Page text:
Consider the Lobster

Format MLA

Volume of 7 pages (1925 words)

Assignment type : Essay

Using David Foster Wallace’s article “Consider the Lobster”. And ( Everyone should be a vegetarian). Focus on this. What considerations does the article use to back up your point and what outside sources agree with you?

Essay #3 (key assignment essay)
This assignment will be used to assess your progress towards mastering the Core Curriculum goals for ENG 201. This means that whichever of the two argument prompts you choose (see below), your work will be assessed for the degree to which you do the following:
• Create a relevant and focused critical question or statement of purpose
• Examine specific and appropriate evidence in light of the critical question or statement of purpose
• Organize and synthesize evidence to create an argument that supports the critical question or statement of purpose
• Apply cultural understanding to the critical question or statement of purpose. “Cultural understanding” means that you recognize that beliefs and perspectives are shaped by cultural experience and that individuals or groups who have different experiences may view an issue differently.
• Use appropriate language for the audience and rhetorical context.
• Use appropriate mechanics (spelling, grammar, punctuation, appropriate documentation)
Pick ONE of the following argument prompts:
#1) Rogerian Argument
You are going to construct a Rogerian argument.
The topic of this essay will be an area of debate within the (just concluded) presidential election. Your essay might consider a topic such as immigration, terrorism, environmental protection, gun control, college tuition, etc. (You may also consider an issue we have done together in class). Please select one topic on which to focus your essay.
It is important to note that a Rogerian argument focuses on a problem that you hope to resolve. Additionally, in a Rogerian argument your goal is not to prove the opposition wrong; rather, you must come up with a solution that will adequately address the opposition’s concerns. Please keep in mind, then, that while you will not agree with your opposition, you should at least understand and see some merit in their position.
A Rogerian argument contains the following elements:

An Introduction which explores the problem, how it came to exist, and its consequences
A Summary of Opposing Views which states the position of the people with whom you disagree using neutral language, logos, and ethos
A Statement of Understanding which presents one or two points held by the opposing viewpoint which you consider valid
A Statement of Your Own Position which maintains neutral language
A Statement of Understanding which offers one or two points you believe the opposition would consider valid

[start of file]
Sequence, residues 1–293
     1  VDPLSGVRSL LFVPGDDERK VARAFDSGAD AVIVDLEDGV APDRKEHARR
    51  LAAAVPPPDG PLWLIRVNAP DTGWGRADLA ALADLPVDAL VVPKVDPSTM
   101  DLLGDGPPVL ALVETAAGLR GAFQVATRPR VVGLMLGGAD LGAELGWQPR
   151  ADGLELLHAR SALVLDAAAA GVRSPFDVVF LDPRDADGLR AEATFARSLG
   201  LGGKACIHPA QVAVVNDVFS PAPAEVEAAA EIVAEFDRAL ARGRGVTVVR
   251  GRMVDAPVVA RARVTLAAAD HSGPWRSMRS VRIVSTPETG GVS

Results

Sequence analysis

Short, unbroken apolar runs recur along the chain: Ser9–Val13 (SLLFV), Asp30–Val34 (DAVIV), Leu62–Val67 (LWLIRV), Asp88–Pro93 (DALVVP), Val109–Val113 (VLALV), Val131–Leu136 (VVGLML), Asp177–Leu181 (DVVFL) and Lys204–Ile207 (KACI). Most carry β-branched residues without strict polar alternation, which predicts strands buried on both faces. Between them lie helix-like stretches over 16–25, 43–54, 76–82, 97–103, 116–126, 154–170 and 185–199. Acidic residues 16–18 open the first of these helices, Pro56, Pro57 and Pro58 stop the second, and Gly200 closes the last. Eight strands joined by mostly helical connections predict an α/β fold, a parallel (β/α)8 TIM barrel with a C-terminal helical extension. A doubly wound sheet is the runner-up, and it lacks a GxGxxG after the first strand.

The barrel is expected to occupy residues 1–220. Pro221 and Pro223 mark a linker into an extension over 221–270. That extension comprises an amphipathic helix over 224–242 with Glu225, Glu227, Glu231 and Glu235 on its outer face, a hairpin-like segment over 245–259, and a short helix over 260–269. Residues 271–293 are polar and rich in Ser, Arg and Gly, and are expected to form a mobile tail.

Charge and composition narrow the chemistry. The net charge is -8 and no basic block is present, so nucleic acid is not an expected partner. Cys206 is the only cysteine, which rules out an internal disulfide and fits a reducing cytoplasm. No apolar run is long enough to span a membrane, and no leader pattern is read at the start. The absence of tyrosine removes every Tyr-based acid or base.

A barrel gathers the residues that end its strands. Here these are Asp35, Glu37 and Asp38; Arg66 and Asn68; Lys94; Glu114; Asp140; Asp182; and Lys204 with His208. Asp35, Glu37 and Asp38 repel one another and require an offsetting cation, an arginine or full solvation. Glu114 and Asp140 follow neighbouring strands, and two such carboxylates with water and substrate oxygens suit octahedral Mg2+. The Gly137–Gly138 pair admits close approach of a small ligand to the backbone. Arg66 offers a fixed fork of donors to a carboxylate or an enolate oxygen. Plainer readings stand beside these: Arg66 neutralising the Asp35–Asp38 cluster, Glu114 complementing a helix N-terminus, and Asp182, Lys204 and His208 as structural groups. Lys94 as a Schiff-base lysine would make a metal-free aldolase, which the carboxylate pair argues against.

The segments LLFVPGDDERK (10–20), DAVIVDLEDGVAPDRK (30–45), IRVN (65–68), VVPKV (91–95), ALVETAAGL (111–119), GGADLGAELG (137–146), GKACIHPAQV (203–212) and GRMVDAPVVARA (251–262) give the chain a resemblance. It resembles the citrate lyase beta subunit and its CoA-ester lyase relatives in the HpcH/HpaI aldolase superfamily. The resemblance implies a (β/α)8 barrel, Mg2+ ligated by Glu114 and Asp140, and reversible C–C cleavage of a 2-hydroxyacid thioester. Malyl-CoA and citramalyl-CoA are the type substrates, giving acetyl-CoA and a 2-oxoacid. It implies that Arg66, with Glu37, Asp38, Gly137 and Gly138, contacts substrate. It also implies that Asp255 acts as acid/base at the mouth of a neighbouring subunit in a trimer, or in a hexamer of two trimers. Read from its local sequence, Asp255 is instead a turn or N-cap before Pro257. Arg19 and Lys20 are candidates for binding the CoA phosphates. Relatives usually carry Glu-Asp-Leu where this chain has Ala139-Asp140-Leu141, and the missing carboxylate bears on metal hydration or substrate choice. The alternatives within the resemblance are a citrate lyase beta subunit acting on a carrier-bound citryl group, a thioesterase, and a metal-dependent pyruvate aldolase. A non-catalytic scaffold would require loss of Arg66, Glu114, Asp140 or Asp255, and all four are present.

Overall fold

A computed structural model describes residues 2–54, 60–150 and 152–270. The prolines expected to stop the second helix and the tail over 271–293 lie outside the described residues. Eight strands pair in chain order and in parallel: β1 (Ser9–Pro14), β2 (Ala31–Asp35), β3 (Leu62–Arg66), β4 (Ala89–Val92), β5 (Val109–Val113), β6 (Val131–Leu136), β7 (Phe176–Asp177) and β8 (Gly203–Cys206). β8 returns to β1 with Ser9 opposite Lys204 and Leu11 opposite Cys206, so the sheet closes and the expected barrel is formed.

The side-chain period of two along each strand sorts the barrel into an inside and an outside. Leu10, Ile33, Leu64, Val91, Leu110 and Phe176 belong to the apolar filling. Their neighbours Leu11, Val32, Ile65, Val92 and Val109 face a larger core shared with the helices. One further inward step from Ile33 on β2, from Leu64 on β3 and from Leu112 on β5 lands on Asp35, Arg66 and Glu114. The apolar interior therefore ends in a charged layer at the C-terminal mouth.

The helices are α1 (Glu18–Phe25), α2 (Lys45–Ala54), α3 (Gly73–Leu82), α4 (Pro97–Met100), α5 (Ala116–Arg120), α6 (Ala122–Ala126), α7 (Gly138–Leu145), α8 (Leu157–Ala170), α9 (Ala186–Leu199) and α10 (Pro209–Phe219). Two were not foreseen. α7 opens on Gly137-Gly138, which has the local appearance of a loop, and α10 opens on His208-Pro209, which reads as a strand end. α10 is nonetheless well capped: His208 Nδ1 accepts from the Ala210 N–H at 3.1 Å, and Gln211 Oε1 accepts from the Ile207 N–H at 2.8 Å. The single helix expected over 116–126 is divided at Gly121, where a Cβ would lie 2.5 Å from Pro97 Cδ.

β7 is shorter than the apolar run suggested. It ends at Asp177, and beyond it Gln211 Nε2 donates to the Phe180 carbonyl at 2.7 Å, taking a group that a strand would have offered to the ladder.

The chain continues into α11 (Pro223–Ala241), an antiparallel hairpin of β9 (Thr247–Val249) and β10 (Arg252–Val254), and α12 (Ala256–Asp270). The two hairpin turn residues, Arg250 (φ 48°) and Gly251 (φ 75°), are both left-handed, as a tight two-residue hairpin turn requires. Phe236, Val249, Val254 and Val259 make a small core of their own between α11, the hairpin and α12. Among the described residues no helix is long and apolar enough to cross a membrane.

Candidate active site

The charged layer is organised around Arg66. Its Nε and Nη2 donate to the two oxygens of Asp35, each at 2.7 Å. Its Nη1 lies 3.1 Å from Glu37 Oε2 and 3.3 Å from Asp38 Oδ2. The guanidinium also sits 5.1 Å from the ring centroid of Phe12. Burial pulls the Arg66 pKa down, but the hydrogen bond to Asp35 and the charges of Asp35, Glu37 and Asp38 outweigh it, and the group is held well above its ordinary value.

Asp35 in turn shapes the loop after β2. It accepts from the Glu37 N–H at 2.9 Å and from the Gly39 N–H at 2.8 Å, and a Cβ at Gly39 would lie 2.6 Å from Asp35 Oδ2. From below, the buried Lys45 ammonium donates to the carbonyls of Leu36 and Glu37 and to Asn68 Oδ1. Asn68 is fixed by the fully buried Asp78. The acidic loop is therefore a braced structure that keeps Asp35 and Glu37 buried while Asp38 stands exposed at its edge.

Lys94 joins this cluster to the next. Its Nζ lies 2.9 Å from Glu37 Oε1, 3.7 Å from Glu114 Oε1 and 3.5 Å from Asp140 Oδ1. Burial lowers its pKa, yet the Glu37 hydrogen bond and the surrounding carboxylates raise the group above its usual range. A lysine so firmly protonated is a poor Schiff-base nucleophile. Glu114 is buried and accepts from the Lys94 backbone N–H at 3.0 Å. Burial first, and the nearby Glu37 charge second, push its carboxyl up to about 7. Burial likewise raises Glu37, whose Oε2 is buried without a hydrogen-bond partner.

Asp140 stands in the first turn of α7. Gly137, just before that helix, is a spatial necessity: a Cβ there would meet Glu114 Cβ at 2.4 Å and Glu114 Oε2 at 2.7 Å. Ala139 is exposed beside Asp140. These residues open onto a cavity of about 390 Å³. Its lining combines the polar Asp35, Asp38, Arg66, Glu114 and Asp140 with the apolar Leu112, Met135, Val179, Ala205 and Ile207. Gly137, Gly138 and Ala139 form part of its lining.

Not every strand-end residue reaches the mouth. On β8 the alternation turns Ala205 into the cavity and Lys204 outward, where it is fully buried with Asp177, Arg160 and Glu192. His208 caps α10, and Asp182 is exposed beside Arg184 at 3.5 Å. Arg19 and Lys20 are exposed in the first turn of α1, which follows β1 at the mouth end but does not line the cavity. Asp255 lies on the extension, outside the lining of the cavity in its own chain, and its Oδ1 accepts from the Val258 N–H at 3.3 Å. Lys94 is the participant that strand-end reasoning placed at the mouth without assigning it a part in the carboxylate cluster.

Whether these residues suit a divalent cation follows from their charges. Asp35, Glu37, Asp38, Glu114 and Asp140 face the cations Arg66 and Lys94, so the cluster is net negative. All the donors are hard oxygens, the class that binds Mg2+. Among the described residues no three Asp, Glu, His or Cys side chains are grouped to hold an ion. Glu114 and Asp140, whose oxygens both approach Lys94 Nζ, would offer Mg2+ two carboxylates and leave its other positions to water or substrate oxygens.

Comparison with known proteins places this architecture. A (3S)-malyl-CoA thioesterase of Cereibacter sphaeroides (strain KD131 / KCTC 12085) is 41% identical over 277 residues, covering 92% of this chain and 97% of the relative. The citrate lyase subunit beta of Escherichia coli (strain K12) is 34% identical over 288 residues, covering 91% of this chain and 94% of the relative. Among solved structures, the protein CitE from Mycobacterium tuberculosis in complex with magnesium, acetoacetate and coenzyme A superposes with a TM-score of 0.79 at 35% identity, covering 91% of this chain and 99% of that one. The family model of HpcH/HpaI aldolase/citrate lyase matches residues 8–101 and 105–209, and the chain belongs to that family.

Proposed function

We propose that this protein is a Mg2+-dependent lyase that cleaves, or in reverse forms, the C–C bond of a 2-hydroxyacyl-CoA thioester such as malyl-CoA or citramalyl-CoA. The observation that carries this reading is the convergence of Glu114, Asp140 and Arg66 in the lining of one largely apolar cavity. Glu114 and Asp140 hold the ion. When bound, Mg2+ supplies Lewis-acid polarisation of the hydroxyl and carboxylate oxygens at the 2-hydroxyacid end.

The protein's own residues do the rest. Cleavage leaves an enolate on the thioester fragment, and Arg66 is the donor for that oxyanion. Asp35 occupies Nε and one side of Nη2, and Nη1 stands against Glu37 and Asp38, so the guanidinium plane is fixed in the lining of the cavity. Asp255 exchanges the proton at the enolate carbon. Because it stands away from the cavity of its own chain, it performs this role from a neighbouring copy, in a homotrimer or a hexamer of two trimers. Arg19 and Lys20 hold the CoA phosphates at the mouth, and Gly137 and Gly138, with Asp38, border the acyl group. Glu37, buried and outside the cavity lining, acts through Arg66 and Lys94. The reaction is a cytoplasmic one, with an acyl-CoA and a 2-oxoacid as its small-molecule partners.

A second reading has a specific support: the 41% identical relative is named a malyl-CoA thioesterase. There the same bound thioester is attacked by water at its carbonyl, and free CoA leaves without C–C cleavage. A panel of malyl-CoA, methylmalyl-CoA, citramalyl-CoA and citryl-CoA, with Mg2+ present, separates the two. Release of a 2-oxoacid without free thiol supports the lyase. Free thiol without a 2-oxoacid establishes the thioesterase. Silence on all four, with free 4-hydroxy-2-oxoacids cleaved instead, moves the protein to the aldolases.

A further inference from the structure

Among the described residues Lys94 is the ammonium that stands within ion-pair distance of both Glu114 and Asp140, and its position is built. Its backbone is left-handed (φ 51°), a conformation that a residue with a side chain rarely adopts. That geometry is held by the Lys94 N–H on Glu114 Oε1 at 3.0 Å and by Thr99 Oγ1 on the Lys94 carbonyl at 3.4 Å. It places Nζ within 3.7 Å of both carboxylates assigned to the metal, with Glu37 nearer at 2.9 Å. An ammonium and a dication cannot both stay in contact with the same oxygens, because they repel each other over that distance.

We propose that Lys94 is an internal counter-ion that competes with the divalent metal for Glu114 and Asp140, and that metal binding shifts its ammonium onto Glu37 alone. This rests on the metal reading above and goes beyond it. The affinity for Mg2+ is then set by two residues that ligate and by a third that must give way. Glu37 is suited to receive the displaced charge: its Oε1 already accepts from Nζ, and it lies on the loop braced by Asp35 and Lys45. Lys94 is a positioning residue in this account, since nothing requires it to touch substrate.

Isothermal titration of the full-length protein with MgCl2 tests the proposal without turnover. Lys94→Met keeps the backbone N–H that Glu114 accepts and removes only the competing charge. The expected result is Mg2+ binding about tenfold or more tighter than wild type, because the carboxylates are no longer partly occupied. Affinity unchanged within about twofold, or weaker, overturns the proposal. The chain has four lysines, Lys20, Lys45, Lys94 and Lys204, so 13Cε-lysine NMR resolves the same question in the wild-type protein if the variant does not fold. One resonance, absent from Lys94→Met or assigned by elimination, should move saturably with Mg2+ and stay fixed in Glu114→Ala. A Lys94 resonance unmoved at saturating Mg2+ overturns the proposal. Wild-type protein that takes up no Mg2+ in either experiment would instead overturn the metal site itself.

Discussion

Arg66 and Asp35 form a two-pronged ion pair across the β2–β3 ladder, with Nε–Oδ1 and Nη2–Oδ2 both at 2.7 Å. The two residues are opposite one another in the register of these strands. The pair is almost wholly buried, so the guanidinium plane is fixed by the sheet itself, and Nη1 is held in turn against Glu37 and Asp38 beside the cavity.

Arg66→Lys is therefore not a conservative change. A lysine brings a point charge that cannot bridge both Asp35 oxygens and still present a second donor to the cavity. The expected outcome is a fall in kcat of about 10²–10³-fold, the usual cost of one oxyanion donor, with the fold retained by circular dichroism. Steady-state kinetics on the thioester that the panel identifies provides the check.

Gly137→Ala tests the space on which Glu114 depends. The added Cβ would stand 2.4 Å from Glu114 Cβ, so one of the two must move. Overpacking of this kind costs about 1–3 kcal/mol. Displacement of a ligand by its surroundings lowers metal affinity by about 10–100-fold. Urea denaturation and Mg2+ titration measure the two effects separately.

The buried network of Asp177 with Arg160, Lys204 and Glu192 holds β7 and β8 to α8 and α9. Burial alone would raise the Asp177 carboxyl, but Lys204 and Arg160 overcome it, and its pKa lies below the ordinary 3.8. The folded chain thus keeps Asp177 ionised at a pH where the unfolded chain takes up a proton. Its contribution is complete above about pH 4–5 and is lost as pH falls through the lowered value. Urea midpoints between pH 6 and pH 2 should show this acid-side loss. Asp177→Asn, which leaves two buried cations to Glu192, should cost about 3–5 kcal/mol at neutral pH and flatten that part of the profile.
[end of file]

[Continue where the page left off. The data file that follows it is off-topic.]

A Statement of Mutual Benefit which uses the statements of understanding to find common ground and offer a mutually-beneficial solution
Your Rogerian argument will be six to eight pages long, typed, double-spaced, and follow MLA format.
You will need to incorporate three to five outside sources. These sources must be from books, newspapers, magazines, or scholarly journals (online or print). You may not use websites unaffiliated with a scholarly or credible publication. Please pay close attention to the quality and relevance of these sources.
Your draft (worth 20 points) will be due April 10th

Your final draft worth 200 points will be due in class and online April 12th.

#2) Classical Argument

Using David Foster Wallace’s article “Consider the Lobster” as both an example and a source, consider whether, for ethical reasons alone, everyone should be a vegetarian. What considerations does the article use to back up your point and what outside sources agree with you?

You must incorporate at least three to five sources (not including your primary source which is the DFW article). These sources must be from edited publications such as newspapers, journals, or books. You may use online versions of these edited publications, but you may not use general websites. Your essay must include both paraphrases and direct quotes from these sources, and these sources must be correctly cited both in the paper and in a Works Cited at the end of the paper.

Your classical argument essay should include this structure:
• An introduction that provides a brief summary of the argument you are responding to and presents your thesis.
• Supporting paragraphs that back up your thesis and that are developed with evidence. Typically, in this type of essay each supporting point might be one of the reasons you offer supporting your thesis.
• At least one paragraph in which you acknowledge (and argue or allow) the counterargument.
• A conclusion that wraps your argument up and, ideally, leaves your readers with something to think about.

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